Last month I read Stephen King’s On Writing for the first time. It’s been on my periphery for some years now, but I decided to dig in now. The Talk Show with John Gruber Episode 339 “2006: Hard Work” reminded me that this draft has been in my 2022 posts folder waiting to be turned into a real article.
On Writing is clear cut. Makes sense given one of Stephen King’s cornerstones is to leave out the bad parts. King’s directness is as obvious has the forehead smack of a V8 commercial.
Another bit of advice that hit home was to write, you need to read, read, read. I used to read all the time as a kid. When I wrote Chasing the Stick, I was reading research and for fun with an insatiable appetite. Then it petered out, probably to play games, watch movies, and tweet my time away, which has no doubt shrunk my attention span. Stephen’s decree has whetted that craving for reading. I’ve already ripped through Mary Karr’s The Liar’s Club. I essentially read it twice because I’d reread sentences, savoring and digesting her memoir.
One other tidbit I care to mention here is putting away a first draft for six weeks after finishing it. In journalism, that’s not possible. But my writing here at Max Frequency has no master to answer in regards to timeliness. Again I think back to Chasing the Stick. Right after publishing that history of Naughty Dog in June 2020, I began preparing to dive into a second expanded revision. The burnout came swallowed me whole. Further fueled by rejections, I’ve touched squat of this idea. Now, two years is far, far longer than six weeks. But the lesson of taking space from your work sounds vital to future success.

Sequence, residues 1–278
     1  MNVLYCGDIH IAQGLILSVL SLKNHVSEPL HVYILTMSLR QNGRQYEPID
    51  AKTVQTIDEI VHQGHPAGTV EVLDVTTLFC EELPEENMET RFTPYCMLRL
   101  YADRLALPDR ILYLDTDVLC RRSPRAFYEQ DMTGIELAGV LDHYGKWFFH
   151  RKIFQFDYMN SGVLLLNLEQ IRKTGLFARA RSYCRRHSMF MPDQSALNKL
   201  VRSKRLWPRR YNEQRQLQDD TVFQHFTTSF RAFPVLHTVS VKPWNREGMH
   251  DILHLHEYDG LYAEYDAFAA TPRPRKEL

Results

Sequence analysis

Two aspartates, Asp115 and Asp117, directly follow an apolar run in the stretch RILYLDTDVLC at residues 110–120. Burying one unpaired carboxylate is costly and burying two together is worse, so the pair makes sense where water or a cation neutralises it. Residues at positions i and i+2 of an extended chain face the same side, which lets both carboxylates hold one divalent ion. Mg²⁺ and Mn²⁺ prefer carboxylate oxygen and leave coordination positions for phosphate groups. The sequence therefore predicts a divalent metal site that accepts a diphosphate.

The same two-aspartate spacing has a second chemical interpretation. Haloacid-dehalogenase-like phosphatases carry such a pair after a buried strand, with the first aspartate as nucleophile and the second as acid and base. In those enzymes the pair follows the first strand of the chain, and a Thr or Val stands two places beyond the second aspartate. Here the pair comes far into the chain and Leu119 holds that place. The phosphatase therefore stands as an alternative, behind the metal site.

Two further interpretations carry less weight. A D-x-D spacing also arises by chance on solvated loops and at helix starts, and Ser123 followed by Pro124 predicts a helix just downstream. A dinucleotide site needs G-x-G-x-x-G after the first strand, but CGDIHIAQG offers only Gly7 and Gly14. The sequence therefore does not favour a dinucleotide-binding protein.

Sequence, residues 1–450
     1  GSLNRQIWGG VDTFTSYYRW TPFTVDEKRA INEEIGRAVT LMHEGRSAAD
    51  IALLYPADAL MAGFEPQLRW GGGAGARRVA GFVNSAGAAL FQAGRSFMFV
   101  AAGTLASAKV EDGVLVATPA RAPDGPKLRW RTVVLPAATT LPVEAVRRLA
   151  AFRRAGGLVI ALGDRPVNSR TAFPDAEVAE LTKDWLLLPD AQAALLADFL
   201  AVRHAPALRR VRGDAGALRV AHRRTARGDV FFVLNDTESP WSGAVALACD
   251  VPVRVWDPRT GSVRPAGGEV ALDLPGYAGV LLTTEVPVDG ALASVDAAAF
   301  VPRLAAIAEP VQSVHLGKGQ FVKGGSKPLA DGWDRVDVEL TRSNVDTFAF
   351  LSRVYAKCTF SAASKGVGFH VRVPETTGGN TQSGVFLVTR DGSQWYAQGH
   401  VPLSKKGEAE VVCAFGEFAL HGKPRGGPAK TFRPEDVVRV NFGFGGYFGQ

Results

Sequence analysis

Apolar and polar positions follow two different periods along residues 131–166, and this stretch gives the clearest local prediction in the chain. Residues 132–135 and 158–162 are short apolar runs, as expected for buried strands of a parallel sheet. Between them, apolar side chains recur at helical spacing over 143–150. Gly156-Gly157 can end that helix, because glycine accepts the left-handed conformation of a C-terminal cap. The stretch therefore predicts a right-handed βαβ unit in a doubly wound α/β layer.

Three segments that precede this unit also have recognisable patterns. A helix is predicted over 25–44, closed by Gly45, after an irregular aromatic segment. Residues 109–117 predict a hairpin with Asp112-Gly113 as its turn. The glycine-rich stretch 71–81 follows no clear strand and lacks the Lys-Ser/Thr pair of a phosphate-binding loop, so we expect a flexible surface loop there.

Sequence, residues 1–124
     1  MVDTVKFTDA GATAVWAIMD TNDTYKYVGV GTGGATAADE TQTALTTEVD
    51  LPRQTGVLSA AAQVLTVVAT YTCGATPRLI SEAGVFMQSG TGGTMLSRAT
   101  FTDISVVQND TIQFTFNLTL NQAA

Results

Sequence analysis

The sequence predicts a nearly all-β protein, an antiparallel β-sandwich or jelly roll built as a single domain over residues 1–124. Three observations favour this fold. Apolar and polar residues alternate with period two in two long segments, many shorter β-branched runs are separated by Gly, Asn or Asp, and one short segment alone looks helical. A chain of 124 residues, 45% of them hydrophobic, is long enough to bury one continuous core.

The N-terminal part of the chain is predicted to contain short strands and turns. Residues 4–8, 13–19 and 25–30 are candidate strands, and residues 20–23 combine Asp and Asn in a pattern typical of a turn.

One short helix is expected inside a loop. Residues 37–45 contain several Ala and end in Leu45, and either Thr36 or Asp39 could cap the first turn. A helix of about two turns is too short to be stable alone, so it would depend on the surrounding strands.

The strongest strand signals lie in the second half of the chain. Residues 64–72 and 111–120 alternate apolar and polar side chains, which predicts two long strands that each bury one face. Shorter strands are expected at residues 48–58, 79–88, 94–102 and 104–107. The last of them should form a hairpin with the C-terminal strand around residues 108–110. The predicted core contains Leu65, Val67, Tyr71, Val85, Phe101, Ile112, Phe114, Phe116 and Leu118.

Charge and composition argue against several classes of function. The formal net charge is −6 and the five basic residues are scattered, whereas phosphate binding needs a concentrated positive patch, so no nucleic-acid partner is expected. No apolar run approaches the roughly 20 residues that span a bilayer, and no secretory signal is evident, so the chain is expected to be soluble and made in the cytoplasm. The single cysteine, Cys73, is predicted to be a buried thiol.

On Writing is, as far as I am concerned, essential reading for writers. I’m not trying to write like Stephen King, but the lessons he wrote down have merit and are applicable to the craft on the whole. Next time I read it, I’ll listen to the audiobook. King reads it himself. I already bought it.